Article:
Superman ‘78 starts with a dedication page to Richard Donner, which would feel better if the comic were better. But, instead, entire sequences are just lifted from… Superman: The Movie? I mean, there are a couple continuity-building nods to Superman II (Lois Lane likes Metropolis hot dogs, not just Niagara Falls ones). However, you’d think everyone would remember in II when Superman gets thrown through the Daily Planet, the exact same thing happened once before.
Maybe if the warning sign didn’t kick off immediately with writer Robert Venditti rewriting Marlon Brando and Susannah York’s death scene from the first movie? Poorly rewriting it. So as to introduce the big bad, Brainiac.
Well, to hint at him. There’s a little Brainiac at the beginning, and a bunch more Brainiac at the end—Venditti doesn’t have a heroic protagonist for the comic; he relies on artist Wilfredo Torres to make it feel like a Christopher Reeve Superman movie even though Torres isn’t a photo-realistic artist. Instead, Torres catches the expressions and body language of the actors’ performances, often saving scenes from Venditti’s undercooked dialogue. For example, there’s a Perry White scene-the exact same scene as in the second half of Superman 1—and thanks to Torres, you can actually imagine Jackie Cooper delivering the performance. It’s lovely.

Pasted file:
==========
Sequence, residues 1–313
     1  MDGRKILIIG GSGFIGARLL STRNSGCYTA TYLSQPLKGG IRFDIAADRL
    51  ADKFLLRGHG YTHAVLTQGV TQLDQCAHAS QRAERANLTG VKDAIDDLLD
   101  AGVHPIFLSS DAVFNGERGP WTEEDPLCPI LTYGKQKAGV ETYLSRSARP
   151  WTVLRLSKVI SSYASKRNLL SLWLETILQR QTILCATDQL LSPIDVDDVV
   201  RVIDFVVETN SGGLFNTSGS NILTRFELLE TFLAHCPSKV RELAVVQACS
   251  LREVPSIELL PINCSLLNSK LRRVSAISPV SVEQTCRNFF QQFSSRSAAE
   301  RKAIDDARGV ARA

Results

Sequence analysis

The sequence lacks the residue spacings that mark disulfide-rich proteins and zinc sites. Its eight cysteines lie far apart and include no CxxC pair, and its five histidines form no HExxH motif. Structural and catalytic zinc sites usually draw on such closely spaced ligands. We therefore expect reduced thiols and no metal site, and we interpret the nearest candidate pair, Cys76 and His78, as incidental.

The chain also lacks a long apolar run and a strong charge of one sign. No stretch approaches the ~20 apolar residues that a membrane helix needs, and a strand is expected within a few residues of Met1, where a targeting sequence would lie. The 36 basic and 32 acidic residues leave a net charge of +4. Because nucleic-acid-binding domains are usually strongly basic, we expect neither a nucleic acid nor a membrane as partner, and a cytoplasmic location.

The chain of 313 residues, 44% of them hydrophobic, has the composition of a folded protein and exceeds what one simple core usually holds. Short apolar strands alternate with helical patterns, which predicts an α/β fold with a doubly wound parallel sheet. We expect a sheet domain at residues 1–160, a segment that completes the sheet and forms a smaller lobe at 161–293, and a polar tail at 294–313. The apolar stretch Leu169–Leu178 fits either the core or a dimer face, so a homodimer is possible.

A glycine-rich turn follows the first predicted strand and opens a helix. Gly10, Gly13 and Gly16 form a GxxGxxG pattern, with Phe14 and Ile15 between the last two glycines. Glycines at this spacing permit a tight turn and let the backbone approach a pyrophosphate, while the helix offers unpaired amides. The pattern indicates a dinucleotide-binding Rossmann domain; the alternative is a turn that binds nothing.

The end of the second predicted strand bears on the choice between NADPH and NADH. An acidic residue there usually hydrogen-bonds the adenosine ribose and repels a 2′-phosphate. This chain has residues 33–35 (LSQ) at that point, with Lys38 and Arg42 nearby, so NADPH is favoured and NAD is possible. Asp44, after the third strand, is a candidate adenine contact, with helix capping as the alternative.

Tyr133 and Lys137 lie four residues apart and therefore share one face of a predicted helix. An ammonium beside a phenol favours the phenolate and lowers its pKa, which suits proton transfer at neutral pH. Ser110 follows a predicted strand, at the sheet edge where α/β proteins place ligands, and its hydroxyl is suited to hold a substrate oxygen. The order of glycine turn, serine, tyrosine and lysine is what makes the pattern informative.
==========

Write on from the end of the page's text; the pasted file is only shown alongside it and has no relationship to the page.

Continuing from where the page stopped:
Because Venditti doesn’t have any story for the issue, he’s got one long action sequence where Superman fights a Brainiac drone. It’s a decent enough fight scene, and Torres hits the right Movie notes—almost too much. There are a couple times Torres’s panels mimic what was special effects technology constraints of 1976, not the best possible Super-action. But then the comic is over. There’s a hint at Brainiac’s plan and a story a little bit too complicated for late seventies, early eighties audiences, and then cliffhanger.
Torres got Twitter famous for his beautiful takes on Superman: The Movie—he did one of those page a day things—but there’s no sense Venditti’s got any investment or even more than a superficial understanding of the original material. In other words, Superman sets up villains first—Zod, Luthor… Otis—also, there’s a cute but entirely pointless Otisburg reference, unless Torres can actually make Ned Beatty tagging believable. But the Brainiac villain setup is terrible here.
Is it really so hard to do a good Superman II?
Maybe—big maybe—Venditti will improve from here, but way to screw it up, DC. Neither readers nor the exuberant Torres deserve Venditti quarter-assing it. All you’ve got to do is beat Superman III and IV, which isn’t easy without Reeve, but at least try.